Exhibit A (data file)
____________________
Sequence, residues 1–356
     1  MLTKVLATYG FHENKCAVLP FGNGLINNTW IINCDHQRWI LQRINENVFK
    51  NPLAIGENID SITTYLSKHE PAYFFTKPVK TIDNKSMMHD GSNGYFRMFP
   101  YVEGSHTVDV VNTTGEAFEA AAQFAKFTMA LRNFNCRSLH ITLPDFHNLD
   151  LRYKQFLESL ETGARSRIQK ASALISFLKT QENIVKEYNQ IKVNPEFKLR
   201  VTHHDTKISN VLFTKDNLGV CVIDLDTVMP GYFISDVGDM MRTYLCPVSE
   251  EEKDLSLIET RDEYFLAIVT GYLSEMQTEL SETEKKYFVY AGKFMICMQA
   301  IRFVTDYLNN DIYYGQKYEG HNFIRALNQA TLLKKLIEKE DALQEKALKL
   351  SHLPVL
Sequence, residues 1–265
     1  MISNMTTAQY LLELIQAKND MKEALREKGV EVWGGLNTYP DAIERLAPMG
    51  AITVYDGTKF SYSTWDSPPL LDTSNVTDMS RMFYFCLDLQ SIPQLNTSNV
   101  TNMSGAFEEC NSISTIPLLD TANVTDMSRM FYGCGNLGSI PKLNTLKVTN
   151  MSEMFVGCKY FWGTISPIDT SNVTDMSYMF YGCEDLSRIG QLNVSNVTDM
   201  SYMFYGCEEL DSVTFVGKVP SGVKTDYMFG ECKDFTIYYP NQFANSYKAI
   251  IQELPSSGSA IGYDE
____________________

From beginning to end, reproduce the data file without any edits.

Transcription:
Sequence, residues 1–356
     1  MLTKVLATYG FHENKCAVLP FGNGLINNTW IINCDHQRWI LQRINENVFK
    51  NPLAIGENID SITTYLSKHE PAYFFTKPVK TIDNKSMMHD GSNGYFRMFP
   101  YVEGSHTVDV VNTTGEAFEA AAQFAKFTMA LRNFNCRSLH ITLPDFHNLD
   151  LRYKQFLESL ETGARSRIQK ASALISFLKT QENIVKEYNQ IKVNPEFKLR
   201  VTHHDTKISN VLFTKDNLGV CVIDLDTVMP GYFISDVGDM MRTYLCPVSE
   251  EEKDLSLIET RDEYFLAIVT GYLSEMQTEL SETEKKYFVY AGKFMICMQA
   301  IRFVTDYLNN DIYYGQKYEG HNFIRALNQA TLLKKLIEKE DALQEKALKL
   351  SHLPVL
Sequence, residues 1–265
     1  MISNMTTAQY LLELIQAKND MKEALREKGV EVWGGLNTYP DAIERLAPMG
    51  AITVYDGTKF SYSTWDSPPL LDTSNVTDMS RMFYFCLDLQ SIPQLNTSNV
   101  TNMSGAFEEC NSISTIPLLD TANVTDMSRM FYGCGNLGSI PKLNTLKVTN
   151  MSEMFVGCKY FWGTISPIDT SNVTDMSYMF YGCEDLSRIG QLNVSNVTDM
   201  SYMFYGCEEL DSVTFVGKVP SGVKTDYMFG ECKDFTIYYP NQFANSYKAI
   251  IQELPSSGSA IGYDE